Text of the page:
> William Lawes - Consort Sets in Five and Six Parts [KM]: Classical CD Reviews- July2002 MusicWeb(UK)






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William LAWES (1602-1645)
Consort Sets in Five and Six Parts

Consort set à 5 in g minor
Consort set à 5 in a minor
Consort set à 5 in c minor
Consort set à 5 in F major
Consort set à 5 in C major
Consort set à 6 in g minor
Consort set à 6 in C major
Consort set à 6 in F major
Consort set à 6 in B flat major
Consort set à 6 in c minor
Hespèrion XXI/Jordi Savall
Rec: November 2001, January - February 2002, Chapel of Cardona Castle, Catalonia.
ALIA VOX AV 9823 A+B [115.38]


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In the notes to this set, Jordi Savall suggests that William Lawes’ consort sets "deserve to be ... known as one of the most original masterpieces of chamber music of all time," and compares them to Dowland’s Lachrimae, Purcell’s Fantasias, Bach’s Art of Fugue, Haydn’s Seven Last Words of our Saviour on the Cross and Beethoven’s late string quartets. This is impressive company indeed, and, while this music is profound and moving, I’m not sure that it deserves such accolades.

Consort sets are like suites - each one contains several movements (three or four) in the same key, developing the same themes. The 5 part consort sets are played by 5 viols and organ, and the 6 part sets by 2 violins, 4 viols and organ. Savall and his fellow musicians play this music with a great deal of emotion and technical expertise, but what stands out most with this music is the atmosphere and overall sound. The lush, rich sound of viol consorts is a delight to the ear, with beautiful textures and enchanting tones. But the unity of the consort makes it more difficult to hear the individual lines than, say, with a string quartet, which has a more incisive sound. This music must be listened to more closely to be appreciated, but the effort is worth it.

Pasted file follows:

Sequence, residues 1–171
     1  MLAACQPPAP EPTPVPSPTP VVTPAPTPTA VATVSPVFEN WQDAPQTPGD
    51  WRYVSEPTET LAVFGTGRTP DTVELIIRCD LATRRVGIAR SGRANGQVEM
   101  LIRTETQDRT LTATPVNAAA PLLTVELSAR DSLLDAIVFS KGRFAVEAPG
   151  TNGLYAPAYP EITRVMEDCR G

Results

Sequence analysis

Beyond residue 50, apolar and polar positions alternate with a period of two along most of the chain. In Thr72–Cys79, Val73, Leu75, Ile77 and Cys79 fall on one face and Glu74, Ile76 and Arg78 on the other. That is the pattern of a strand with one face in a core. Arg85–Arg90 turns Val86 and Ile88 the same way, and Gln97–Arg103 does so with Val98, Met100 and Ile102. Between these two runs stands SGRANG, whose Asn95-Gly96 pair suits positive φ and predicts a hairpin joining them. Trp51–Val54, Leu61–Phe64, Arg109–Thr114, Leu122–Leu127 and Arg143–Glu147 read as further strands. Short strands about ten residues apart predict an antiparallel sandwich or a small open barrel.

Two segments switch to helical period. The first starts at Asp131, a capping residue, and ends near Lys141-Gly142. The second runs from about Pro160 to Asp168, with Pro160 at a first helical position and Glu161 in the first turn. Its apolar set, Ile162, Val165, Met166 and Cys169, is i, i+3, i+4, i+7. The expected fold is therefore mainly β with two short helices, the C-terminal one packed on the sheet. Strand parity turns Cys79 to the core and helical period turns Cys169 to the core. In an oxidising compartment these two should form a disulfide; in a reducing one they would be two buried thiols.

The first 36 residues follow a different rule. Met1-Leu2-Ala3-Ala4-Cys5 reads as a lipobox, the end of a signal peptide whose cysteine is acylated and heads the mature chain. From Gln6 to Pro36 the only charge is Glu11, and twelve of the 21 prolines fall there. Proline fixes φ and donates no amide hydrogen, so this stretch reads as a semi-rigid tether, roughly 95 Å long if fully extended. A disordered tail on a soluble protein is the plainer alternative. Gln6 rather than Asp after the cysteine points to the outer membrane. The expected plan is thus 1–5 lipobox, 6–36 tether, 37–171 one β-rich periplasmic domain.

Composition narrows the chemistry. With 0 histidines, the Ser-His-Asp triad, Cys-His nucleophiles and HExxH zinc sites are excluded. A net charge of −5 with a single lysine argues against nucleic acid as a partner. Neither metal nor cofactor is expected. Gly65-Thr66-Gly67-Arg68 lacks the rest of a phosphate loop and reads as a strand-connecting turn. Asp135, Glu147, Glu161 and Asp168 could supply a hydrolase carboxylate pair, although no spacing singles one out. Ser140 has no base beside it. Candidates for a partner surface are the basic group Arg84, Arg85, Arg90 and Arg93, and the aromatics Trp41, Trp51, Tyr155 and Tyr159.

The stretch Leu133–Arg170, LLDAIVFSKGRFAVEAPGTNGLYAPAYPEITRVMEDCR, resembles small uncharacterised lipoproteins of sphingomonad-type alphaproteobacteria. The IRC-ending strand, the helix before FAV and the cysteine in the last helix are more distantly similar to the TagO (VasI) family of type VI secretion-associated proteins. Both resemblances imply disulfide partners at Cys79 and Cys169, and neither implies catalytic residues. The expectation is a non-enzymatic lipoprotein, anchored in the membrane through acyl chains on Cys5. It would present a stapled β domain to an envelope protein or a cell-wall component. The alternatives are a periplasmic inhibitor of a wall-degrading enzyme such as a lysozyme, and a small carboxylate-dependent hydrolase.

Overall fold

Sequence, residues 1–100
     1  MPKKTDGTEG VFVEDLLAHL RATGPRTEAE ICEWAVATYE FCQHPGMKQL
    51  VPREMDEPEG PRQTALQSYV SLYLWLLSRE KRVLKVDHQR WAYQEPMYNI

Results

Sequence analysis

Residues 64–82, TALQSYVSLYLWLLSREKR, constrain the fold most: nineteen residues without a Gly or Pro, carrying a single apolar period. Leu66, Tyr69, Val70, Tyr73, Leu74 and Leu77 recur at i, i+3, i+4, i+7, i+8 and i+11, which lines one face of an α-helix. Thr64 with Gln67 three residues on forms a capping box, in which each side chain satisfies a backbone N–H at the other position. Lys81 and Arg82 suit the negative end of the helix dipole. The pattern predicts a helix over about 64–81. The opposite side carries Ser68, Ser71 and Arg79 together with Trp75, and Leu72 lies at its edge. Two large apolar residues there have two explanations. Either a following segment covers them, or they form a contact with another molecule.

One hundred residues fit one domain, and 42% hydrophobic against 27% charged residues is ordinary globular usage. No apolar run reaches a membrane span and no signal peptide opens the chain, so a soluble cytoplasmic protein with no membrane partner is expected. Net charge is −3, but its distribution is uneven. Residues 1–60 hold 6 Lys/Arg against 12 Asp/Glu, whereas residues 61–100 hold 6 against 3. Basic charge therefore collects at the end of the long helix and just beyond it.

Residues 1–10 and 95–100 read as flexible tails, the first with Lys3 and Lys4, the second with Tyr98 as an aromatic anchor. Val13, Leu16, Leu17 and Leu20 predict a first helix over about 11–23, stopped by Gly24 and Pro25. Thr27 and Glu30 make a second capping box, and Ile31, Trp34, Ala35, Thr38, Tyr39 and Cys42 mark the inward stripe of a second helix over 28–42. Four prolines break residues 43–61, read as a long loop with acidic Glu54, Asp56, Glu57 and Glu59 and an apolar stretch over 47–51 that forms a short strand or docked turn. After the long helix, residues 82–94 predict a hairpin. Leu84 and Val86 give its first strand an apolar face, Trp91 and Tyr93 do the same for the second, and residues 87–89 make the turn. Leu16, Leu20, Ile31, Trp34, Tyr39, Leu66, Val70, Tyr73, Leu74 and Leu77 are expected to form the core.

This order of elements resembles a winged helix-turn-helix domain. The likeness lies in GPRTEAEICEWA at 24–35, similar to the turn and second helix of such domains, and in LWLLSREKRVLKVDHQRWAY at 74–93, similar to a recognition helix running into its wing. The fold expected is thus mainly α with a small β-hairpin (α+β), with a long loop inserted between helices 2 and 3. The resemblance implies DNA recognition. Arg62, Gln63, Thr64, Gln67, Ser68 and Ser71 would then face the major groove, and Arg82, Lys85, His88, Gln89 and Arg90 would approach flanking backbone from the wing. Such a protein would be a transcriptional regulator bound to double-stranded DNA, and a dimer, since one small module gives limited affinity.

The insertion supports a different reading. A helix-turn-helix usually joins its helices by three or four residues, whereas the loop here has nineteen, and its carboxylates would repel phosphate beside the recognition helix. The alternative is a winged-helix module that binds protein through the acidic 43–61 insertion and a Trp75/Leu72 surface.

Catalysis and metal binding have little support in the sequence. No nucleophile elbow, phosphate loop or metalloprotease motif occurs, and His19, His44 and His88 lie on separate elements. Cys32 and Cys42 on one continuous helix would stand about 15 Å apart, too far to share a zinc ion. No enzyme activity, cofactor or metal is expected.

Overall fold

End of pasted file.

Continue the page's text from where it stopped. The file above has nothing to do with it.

The beautifully subtle counterpoint here in some of the slower movements and the energetic playing of the fast movements balance each other out; this music needs to be heard on a large scale, that of an entire consort set, to be fully appreciated. This is a fine recording, showing the technical expertise that Savall brings to such works. It certainly deserves to be discovered by those unfamiliar with this repertoire. For those familiar with the viol consort, this is an essential recording of some of its finest music.

Kirk McElhearn


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